Although I do not argue that a child’s best interests must be at the forefront of making a decision, I argue that the Act needs to include provisions to further protect Indigenous families and cultures, even when there are deemed little options for the child. The cases analyzed in this article may be a reality to many other Indigenous families. Due to this, the Act is not enough in keeping Indigenous families together or preserving the child’s Indigenous culture. In order to keep Indigenous children out of care, there needs to be more done that addresses why the child is in care and more resources offered to help Indigenous parents recover so they are able to care for the child. Additionally, aside from legislation, there should be resources used to implement measures that help prevent Indigenous children from requiring specialized care or prevent Indigenous parents from reaching a state where they are no longer able to provide care.

When it comes to preserving the child’s Indigenous culture, if there is no representation of the child’s Indigenous governing body, it should not be deemed that the child has “no other options” as it was deemed in K.C.25 The Act should include provisions that exhaust all means in getting Indigenous representation or opinion. An example of this can be instead of allowing Indigenous parties to apply for representation, to require that applications only be heard when an Indigenous body that understands the unique culture and history is present.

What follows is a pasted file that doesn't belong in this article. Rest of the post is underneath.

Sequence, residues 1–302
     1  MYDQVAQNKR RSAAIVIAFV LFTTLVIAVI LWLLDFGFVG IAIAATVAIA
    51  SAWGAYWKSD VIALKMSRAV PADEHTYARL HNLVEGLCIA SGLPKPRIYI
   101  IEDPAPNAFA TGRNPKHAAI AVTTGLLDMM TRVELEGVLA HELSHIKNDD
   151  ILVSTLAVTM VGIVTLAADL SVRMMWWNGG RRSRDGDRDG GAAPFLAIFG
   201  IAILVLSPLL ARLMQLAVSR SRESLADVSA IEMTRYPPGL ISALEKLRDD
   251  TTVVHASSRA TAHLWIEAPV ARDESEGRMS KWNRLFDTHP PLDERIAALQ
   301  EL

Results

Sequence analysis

Introducing new legislation that helps to protect Indigenous communities is a great stepping-stone in reconciliation. That being said, in this case the legislation should truly consider the different and unique circumstances that Indigenous communities face and try to account for that to resolve the issue of Indigenous children in care homes. Although the newly introduced Act does do well in implementing some change, there is more to be done and it is hopeful that through analyzing the cases that have been applying the Act, that Parliament continues to make changes in protecting Indigenous families and keeping Indigenous children out of care homes.